Saving for retirement can seem like a daunting task at times. How in the world am I going to be able to save enough to live off of when I stop working? There are many ways to help your savings grow as well as avoid tax expenses. Here are the top 10 ways to save on taxes with your retirement money.
Employees defer payment on their income taxes through traditional 401(k)’s up to an amount of $18,000 a year. This money is pre-tax from your paycheck so when you take it out when you are retired, hopefully the tax rate is low, because thats when you’ll pay it.
Another form of tax deferral, up to $5,500 doing so on your own in an individual retirement account. Contributions are not due until April 15, so contributions can be made right up until tax filing to cut your tax output or boost your refund.
The exact same contribution limits as a regular IRA but the taxes are paid before savings. You are essentially making a bet that the tax rate is better now than what it will be when you retire.
Structured parallel to the Roth IRA, you pay taxes during the year but do not get hit with taxes when you remove your money during retirement.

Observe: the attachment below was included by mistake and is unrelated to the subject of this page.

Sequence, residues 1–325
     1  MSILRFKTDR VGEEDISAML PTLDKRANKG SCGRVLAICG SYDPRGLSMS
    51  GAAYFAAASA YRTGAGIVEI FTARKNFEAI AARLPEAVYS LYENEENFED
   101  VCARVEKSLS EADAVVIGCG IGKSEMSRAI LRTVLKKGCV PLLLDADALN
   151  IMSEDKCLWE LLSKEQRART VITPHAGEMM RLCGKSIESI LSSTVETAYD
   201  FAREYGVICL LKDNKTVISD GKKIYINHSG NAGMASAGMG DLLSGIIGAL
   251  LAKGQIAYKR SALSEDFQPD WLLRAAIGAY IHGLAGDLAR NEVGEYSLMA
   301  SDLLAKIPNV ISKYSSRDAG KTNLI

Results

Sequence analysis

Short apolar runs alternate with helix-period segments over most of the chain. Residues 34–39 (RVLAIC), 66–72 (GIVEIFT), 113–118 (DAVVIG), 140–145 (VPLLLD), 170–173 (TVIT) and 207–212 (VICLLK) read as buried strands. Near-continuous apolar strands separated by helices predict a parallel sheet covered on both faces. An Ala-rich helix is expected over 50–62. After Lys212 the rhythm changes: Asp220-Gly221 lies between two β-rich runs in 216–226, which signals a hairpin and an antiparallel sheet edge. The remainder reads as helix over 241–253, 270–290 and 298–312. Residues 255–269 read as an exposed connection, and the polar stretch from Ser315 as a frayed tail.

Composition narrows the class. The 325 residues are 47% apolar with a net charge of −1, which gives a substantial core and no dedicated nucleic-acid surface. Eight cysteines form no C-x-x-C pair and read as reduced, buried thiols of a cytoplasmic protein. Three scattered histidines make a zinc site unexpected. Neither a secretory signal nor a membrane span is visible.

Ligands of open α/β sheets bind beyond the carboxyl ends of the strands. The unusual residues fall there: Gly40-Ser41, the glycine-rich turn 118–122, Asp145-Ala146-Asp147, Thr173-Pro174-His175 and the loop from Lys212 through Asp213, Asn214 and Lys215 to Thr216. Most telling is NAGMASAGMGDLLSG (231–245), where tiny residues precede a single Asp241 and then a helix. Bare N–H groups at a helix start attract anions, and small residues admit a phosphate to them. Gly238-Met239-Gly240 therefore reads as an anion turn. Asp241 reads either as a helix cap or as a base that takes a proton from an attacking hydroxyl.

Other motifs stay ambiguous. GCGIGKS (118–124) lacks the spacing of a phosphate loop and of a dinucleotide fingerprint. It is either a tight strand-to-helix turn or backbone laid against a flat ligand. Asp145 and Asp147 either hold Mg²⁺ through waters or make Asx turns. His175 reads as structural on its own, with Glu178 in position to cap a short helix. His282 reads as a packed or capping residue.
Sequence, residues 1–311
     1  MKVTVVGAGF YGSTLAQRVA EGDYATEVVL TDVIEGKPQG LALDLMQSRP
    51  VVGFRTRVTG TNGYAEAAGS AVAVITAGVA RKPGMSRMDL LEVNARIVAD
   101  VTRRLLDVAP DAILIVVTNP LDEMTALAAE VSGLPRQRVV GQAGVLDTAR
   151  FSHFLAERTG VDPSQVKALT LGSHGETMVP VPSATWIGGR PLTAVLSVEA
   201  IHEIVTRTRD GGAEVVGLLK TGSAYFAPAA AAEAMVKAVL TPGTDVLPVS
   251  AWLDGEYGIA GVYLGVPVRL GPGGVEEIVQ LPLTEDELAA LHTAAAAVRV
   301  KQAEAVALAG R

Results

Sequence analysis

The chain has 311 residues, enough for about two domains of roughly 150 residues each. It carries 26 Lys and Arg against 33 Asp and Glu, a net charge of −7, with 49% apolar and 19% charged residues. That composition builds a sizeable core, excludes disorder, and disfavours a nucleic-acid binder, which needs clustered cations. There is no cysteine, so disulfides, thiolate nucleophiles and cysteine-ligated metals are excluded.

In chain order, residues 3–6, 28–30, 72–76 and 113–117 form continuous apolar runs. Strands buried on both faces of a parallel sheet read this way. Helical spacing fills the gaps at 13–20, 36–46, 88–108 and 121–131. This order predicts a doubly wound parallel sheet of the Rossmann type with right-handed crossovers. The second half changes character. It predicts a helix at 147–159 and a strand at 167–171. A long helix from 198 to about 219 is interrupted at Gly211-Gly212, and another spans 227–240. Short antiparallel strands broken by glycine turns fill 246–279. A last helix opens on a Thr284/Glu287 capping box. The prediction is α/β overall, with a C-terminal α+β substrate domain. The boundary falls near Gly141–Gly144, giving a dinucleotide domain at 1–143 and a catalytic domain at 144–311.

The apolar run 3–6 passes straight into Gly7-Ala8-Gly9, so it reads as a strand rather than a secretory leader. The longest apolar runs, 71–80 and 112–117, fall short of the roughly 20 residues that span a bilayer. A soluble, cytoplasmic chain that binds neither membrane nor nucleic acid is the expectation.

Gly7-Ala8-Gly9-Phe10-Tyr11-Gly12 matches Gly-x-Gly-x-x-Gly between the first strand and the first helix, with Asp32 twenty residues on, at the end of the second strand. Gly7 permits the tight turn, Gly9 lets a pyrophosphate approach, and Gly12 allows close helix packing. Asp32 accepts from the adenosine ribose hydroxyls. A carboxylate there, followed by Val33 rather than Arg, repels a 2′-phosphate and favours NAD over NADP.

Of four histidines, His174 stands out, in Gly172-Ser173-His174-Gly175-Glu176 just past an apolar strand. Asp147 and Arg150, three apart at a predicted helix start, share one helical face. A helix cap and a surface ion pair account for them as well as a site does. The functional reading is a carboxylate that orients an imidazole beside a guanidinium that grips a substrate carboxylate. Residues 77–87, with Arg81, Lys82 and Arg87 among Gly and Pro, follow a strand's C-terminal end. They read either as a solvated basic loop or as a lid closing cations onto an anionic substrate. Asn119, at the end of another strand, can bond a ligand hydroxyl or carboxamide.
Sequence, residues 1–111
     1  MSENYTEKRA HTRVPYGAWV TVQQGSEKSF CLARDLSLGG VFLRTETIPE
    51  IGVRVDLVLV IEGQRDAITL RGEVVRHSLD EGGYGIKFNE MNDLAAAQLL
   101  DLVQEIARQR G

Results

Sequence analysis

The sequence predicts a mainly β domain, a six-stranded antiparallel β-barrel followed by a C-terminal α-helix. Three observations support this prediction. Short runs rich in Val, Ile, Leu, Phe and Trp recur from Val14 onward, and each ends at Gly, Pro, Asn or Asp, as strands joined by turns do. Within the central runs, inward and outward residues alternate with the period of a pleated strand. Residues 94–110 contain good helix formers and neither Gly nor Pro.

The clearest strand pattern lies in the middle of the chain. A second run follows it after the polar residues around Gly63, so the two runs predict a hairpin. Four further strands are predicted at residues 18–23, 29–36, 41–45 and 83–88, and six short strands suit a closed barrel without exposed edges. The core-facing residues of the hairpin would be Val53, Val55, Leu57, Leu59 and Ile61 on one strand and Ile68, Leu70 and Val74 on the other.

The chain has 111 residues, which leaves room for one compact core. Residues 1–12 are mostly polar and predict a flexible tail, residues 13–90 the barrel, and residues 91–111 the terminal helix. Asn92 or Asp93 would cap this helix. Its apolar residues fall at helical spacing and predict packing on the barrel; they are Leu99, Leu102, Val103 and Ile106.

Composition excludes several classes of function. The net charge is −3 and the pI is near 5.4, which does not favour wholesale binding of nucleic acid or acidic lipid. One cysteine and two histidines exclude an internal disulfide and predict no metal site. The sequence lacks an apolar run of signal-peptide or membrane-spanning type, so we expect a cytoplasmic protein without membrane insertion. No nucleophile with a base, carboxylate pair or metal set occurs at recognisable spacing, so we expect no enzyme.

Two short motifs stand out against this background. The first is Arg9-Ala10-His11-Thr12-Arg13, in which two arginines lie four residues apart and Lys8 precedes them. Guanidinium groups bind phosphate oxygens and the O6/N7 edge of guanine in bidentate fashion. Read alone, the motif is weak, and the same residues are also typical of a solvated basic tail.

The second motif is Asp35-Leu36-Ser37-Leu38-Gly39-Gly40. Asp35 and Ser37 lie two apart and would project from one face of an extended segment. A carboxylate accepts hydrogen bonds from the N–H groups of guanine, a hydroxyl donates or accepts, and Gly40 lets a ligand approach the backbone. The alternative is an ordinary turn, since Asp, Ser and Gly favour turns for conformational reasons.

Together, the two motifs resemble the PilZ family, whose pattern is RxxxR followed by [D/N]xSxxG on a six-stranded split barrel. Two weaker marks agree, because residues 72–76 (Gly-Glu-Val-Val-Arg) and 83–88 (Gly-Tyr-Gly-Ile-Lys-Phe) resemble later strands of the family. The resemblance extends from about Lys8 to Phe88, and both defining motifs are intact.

Catch Up Contributions
When you read the age of 50 you can extend your maximum dollar amount of contribution by $6,00 in a 401(k) and $1,000 in an IRA. This offer only lasts 20 and a half years as the catch-up contribution loophole closes at 70 ½ .
Those households or tax filers that meet a certain criteria can be eligible for savers credit on top of tax deduction on retirement accounts. The maximum credit that a single filer can receive is $1,000 and married couples is $2,000.
Steer Clear of Early Withdrawal Penalty
Those who withdrawal money from their 401(k)’s or traditional IRA’s get hit with a 10% penalty absent first time home buying or college payment.
Take out the minimum withdrawal when the time comes.
The IRS calculates the minimum withdrawal from your accounts based on the value and your life expectancy. If you fail to withdrawal what they demand, you will be hit with a 50% tax upon next removal from the fund
Delay 401(k) withdrawals if you are working
If you are employed after 70 ½ and own 4% or less of the company you’re employed by, you can delay your 401(k) withdrawals from that company, but not from previous jobs.
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